Dynamics and immune mechanisms of QFT response in close contacts of TB cases

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Rationale: A vaccine that prevents infection with Mycobacterium tuberculosis (Mtb) (POI vaccine) is an ideal approach to TB control.  As Mtb infection (MTBI) is measured indirectly (positive tuberculin skin test (TST) or interferon gamma release assay (IGRA), prevention of IGRA conversion is the primary endpoint for POI trials.  A recent trial showed that revaccination of adolescents with BCG failed to prevent IGRA conversion but was 45.4% effective in preventing sustained IGRA conversion. This observation provides impetus for the study of protective immune mechanisms in the context of the dynamics of IGRA conversion and reversion. The HHC model has substantial advantages over the adolescent cohorts used in the vaccine trial as the nature, timing and intensity of exposure to TB is known. In the research design, we will prioritize elucidating mechanisms associated with QFT-con, QFT-rev and risk of progression to TB. Although unsustained IGRA conversion has been taken as an efficacy endpoint in POI trials, published initial findings indicate that they may be at substantial risk of progression, comparable, in fact, to the IGRA converters. Having all 4 groups, the proposed study will allow us to clarify this issue.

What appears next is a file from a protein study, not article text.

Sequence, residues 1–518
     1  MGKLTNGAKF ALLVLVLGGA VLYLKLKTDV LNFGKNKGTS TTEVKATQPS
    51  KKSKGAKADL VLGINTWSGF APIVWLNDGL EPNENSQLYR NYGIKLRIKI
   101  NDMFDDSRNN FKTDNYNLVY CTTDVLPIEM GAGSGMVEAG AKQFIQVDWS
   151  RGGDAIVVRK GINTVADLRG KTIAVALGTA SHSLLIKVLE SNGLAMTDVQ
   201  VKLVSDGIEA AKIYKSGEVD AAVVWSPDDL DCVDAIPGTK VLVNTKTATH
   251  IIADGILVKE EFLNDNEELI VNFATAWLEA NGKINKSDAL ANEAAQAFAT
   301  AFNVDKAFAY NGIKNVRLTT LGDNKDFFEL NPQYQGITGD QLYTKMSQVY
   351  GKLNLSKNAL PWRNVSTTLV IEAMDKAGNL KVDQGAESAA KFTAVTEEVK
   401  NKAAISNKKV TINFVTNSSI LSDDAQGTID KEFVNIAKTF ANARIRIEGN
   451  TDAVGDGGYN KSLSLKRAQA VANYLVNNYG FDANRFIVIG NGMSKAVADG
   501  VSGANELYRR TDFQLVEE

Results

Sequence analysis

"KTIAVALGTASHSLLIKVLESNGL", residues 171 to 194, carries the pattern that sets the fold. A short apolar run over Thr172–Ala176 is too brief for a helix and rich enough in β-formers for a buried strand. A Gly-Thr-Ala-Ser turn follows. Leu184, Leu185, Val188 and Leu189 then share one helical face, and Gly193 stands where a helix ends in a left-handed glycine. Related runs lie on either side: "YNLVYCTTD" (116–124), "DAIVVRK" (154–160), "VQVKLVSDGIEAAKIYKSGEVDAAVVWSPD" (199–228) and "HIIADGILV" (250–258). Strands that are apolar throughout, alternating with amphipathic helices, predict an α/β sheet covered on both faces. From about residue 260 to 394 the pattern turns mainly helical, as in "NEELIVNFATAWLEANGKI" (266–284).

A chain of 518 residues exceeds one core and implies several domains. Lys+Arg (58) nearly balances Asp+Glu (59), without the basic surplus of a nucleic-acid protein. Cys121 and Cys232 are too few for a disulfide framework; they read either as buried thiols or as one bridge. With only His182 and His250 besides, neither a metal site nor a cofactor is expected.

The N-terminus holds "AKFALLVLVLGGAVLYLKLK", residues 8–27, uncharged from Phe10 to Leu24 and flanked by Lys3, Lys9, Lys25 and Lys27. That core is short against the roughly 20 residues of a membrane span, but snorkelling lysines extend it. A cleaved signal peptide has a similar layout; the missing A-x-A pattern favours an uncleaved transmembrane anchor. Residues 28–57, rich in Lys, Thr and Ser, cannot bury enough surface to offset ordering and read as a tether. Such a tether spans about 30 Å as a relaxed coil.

1. Determine the clinical implications of dynamic changes in the QFT response in 12 months following close contact with a TB patient.
  2. Examine if dynamic changes in the QFT response are associated with activation of phenotypically and functionally distinct subsets of T cells.
  3. Examine if the dynamic changes in the QFT response are associated with     altered macrophage anti-mycobacterial effector responses.